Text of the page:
NCI Blog

Futureproof Your Career In 7 Steps

Posted by Emma Henderson on 29 February 2016

Futureproofing your career sounds complicated...but it really isn’t. It’s about recognising that the world of work is constantly evolving, and making sure you’re ahead of the curve.  It’s about paying attention to what’s happening in your industry, and making smart choices so that your skill set, and your network of contacts, is up to date and relevant.

Here’s our top suggestions:
  1. Keep yourself informed: stay abreast of the forces that are shaping your sector and think about what these mean for you and your career. Read professional blogs, sign up to relevant e-zines, join professional bodies and talk to other informed people in your industry.
  2. Embrace digital: don’t allow yourself to become obsolete because you’re afraid of new technology. Embrace new developments, but at the same time…
  3. Don’t spread yourself too thin: It’s much more advantageous to do one thing well than ten things poorly. Use your time and effort wisely.
  4. Be clever about upskilling: really think about what skills are likely to be important in the future – for example data analytics, cloud computing, health and wellness and digital marketing are all areas likely to require skilled talent over the next decade. Which ones do you have an aptitude for?
  5. Build your network: find people who can inspire and advise you. Knowing like-minded people is important, but so is knowing people who don’t think just the way you do. Allow your thinking to be challenged.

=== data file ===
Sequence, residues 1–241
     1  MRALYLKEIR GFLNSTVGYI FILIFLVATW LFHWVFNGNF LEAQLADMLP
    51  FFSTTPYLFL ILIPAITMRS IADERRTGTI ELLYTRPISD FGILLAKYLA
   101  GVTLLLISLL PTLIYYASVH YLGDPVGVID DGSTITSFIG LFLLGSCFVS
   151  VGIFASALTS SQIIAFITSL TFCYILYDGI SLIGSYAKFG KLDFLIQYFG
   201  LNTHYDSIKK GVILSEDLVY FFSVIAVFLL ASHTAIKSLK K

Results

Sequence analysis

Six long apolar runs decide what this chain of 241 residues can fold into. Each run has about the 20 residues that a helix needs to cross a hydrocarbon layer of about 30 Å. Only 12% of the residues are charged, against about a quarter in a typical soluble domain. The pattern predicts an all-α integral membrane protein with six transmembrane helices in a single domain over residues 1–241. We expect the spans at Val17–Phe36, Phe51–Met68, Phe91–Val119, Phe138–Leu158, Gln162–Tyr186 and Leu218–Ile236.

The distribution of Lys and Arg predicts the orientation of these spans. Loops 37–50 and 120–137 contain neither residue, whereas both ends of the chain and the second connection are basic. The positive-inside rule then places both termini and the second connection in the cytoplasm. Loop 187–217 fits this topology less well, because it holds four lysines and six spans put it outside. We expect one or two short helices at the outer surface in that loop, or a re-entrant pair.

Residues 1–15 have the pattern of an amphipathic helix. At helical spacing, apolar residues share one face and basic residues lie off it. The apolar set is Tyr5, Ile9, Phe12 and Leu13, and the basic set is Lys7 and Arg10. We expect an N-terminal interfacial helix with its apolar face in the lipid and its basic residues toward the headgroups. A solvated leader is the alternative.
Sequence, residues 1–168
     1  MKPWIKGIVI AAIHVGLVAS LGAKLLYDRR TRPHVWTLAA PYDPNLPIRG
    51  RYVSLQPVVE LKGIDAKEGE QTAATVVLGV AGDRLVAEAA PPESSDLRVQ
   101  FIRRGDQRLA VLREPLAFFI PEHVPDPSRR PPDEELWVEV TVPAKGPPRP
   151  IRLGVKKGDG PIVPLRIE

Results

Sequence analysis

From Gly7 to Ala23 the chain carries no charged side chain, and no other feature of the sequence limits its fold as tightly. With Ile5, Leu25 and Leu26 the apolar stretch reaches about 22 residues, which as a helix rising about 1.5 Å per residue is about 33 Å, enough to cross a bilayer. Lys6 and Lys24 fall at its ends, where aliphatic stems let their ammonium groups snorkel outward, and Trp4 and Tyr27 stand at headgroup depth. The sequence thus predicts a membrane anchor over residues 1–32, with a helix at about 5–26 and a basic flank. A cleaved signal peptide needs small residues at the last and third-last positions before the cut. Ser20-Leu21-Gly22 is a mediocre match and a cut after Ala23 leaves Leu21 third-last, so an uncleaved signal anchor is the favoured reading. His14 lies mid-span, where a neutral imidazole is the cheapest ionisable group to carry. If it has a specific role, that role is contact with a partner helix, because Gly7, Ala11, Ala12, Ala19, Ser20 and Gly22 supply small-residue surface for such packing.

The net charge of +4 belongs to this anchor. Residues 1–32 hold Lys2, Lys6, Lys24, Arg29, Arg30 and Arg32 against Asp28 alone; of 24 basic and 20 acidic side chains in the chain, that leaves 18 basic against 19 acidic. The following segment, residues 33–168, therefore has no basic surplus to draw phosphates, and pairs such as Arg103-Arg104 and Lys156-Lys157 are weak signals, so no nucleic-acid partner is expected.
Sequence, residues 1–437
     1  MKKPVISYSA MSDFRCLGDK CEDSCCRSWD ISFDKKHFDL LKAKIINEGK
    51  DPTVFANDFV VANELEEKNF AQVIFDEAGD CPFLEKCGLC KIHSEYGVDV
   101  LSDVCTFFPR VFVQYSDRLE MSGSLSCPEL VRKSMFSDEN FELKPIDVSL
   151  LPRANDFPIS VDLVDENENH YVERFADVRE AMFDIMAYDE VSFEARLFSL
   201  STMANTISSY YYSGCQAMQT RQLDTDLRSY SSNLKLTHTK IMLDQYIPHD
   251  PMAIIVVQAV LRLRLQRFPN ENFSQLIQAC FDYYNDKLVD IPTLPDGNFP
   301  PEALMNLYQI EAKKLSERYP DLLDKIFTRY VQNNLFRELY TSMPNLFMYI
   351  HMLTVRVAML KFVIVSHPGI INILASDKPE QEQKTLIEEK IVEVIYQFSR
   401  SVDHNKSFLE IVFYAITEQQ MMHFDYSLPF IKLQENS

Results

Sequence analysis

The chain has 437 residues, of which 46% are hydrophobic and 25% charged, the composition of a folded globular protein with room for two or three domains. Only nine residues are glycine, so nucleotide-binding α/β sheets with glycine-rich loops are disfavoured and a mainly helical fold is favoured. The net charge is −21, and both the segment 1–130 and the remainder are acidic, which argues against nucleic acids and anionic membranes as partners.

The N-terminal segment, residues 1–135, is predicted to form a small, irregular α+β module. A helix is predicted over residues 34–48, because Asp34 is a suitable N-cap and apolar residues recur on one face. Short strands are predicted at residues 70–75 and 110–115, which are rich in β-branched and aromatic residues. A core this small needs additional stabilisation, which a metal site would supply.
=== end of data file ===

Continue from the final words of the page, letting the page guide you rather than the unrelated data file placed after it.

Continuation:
6. Keep an eye on the big players: read up on jobs advertisements from the big names in your industry. What skills are they looking for from their employees? Align your skillset with what’s in demand.
  7. Consider postgraduate education: This has several benefits. Let's start with the obvious: you'll be better educated – and that means you’ll have increased knowledge in your field. You’ll also find, whatever your subject, you’ll have acquired transferable skills alongside specific academic and technical or specialist knowledge. Employers value those skills highly. Finally, achieving a postgraduate qualification indicates commitment to your discipline and work sector – and employers always prefer those who are passionate about, and committed to, their work. Browse our postgraduate courses

This article was taken from our downloadable Career Development Toolkit, developed with our award-winning Career Development and Employability Service  to help you achieve your career goals. If you're looking for a new job, or want to do better in the one you have, download this free resource today! 

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Topics: Career Tips